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Former Iowa Cubs pitcher Scott Barnes savoring return from surgery with Dogs

Scott Barnes delivers for the Dogs during a game earlier this season. | Courtesy of the Dogs

May 25 was the Chicago Dogs’ home debut and a milestone for the independent franchise in Rosemont. It was also an important evening for their starting pitcher.

Scott Barnes, a 30-year-old left-hander and a member of the 2016 Iowa Cubs, made his first appearance of any kind since June 23, 2016. In August of that year, Barnes had Tommy John surgery and started on an uncertain future.

Almost two years later, Barnes was back on the mound for the first time. Getting there meant a lot, and returning on such an important evening for his new team made it sweeter.

“It was definitely something to build off of and a very good confidence boost for me, as well, because you put in a lot of time and effort, but you cannot replicate game speed,’’ said Barnes, who allowed one run in three innings that night. ‘‘To be able to get out on the mound again and to be able to compete, it was one of the most meaningful outings of my life. To be able to get that reassurance that all that hard work over almost two years had paid off.’’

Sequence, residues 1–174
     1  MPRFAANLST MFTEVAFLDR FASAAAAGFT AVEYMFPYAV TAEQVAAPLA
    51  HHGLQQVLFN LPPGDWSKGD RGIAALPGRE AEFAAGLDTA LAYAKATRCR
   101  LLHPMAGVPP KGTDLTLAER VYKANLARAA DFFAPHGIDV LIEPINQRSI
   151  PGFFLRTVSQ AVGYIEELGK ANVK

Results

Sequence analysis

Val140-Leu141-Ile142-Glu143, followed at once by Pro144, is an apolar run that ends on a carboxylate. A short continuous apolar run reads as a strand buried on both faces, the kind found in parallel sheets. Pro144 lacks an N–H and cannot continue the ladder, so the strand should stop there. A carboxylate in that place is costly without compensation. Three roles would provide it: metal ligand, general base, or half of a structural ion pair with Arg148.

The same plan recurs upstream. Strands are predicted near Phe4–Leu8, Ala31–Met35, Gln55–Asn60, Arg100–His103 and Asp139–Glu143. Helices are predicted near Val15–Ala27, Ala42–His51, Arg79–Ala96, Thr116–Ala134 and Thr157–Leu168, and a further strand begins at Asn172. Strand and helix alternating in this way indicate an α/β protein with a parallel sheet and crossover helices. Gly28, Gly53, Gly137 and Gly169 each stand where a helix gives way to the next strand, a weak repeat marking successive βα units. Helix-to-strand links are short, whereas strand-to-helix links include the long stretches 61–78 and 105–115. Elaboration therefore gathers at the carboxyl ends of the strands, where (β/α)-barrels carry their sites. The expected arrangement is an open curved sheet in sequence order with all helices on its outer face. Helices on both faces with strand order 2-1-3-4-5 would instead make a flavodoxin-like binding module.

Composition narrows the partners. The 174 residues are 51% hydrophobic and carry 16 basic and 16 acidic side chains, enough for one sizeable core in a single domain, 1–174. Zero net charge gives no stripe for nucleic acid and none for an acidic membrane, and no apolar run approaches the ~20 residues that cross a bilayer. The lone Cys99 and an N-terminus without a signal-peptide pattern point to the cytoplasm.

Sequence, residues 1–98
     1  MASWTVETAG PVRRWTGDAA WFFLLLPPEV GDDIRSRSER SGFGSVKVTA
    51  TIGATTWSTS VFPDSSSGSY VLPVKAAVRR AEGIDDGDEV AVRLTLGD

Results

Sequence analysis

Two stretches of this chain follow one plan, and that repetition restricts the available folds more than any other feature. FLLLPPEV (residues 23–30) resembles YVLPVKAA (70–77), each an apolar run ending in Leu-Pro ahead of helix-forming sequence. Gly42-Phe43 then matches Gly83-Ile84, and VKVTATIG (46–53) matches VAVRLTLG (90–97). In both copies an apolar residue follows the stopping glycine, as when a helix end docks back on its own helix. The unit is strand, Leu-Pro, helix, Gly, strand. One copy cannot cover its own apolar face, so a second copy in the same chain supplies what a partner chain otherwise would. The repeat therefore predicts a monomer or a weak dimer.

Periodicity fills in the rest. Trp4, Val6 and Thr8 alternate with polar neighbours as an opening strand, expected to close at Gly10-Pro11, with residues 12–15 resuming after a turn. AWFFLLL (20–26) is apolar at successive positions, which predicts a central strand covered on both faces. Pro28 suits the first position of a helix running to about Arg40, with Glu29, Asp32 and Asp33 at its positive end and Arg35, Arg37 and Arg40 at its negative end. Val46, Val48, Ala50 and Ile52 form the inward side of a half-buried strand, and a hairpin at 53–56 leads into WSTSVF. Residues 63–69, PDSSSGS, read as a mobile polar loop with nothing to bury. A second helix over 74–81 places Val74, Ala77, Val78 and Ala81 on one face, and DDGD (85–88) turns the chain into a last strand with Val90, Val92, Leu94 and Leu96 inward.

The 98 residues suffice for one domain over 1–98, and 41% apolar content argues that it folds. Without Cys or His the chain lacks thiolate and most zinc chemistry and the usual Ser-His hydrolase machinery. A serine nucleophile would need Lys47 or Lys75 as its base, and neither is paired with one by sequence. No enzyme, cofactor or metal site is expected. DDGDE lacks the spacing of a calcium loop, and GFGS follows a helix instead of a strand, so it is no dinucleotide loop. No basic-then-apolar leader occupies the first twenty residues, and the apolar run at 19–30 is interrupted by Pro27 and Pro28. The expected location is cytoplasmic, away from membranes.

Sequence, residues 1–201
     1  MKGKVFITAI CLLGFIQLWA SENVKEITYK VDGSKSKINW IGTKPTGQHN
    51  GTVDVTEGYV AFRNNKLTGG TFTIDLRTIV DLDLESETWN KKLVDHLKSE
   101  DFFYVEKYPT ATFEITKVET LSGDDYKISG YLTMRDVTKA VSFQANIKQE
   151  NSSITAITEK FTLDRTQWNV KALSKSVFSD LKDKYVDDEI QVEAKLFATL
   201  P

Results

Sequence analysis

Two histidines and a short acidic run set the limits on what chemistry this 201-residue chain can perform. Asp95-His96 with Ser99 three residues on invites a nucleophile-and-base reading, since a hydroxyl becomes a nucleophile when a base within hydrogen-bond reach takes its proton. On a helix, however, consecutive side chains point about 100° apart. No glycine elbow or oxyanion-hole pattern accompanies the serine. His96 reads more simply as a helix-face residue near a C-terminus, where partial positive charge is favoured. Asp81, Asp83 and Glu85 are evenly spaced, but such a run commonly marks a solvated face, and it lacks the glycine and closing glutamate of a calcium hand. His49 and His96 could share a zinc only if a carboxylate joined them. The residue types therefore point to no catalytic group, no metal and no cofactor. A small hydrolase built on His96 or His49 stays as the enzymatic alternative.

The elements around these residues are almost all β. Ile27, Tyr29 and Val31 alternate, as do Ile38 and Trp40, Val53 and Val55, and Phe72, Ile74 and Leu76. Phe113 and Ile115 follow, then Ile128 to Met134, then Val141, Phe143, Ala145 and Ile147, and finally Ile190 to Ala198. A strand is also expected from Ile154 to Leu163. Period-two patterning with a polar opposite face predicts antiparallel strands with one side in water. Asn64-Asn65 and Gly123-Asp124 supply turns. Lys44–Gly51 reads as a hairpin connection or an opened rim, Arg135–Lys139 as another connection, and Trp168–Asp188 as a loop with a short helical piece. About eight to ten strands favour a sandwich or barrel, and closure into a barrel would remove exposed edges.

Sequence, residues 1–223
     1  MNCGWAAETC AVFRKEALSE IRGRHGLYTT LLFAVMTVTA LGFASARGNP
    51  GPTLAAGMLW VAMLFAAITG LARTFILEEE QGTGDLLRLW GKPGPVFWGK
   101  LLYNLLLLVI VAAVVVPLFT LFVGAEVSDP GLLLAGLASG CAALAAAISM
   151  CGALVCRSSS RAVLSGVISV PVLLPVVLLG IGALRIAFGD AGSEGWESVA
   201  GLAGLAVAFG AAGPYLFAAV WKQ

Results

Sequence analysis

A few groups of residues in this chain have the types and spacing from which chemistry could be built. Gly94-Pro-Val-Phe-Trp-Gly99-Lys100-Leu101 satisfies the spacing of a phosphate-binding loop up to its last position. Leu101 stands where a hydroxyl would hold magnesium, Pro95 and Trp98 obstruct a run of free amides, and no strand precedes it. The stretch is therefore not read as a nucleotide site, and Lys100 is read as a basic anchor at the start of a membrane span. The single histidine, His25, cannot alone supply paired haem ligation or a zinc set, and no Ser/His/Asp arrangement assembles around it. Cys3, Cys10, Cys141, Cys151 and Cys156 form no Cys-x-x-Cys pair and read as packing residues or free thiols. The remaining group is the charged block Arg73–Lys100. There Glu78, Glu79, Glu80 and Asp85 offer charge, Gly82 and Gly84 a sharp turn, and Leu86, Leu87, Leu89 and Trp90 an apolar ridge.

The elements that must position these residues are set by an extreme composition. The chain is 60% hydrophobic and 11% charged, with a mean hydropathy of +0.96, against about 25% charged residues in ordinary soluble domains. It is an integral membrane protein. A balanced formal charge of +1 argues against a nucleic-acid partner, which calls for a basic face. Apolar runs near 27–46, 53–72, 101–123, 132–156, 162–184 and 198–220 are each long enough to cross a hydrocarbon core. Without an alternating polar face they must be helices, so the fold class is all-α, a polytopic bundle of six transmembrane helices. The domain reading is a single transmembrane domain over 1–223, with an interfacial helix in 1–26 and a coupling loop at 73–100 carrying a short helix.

Drafted in the eighth round in 2008, Barnes has pitched in the minors for the Giants, Indians, Blue Jays and Cubs. He also appeared in 22 major-league games for the Indians in 2012-13.

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After the injury, Barnes wanted to pitch again. Whether it was in affiliated or independent ball didn’t really matter.

‘‘Just knowing that you’ve put in all this time and effort into getting back, it was very fulfilling to come back and to be able to pitch again,’’ he said. ‘‘That was always my goal after I had the surgery. I wanted to pitch, no matter what level it was at. If it was affiliated or non-affiliated baseball, I still wanted to be able to give it another shot.’’

Entering his scheduled start Wednesday, Barnes had pitched 29.1 innings and had a 3.99 ERA. He was especially encouraged by his appearance Friday, in which he allowed one run in seven innings and threw a season-high 105 pitches.

‘‘I don’t want to stop playing,’’ Barnes said. ‘‘Baseball’s always been in my life, and if I can physically do it and meet the call every five days and be able to go out there and give my team a chance to win, then I’m going to continue to do that as long as I can.’’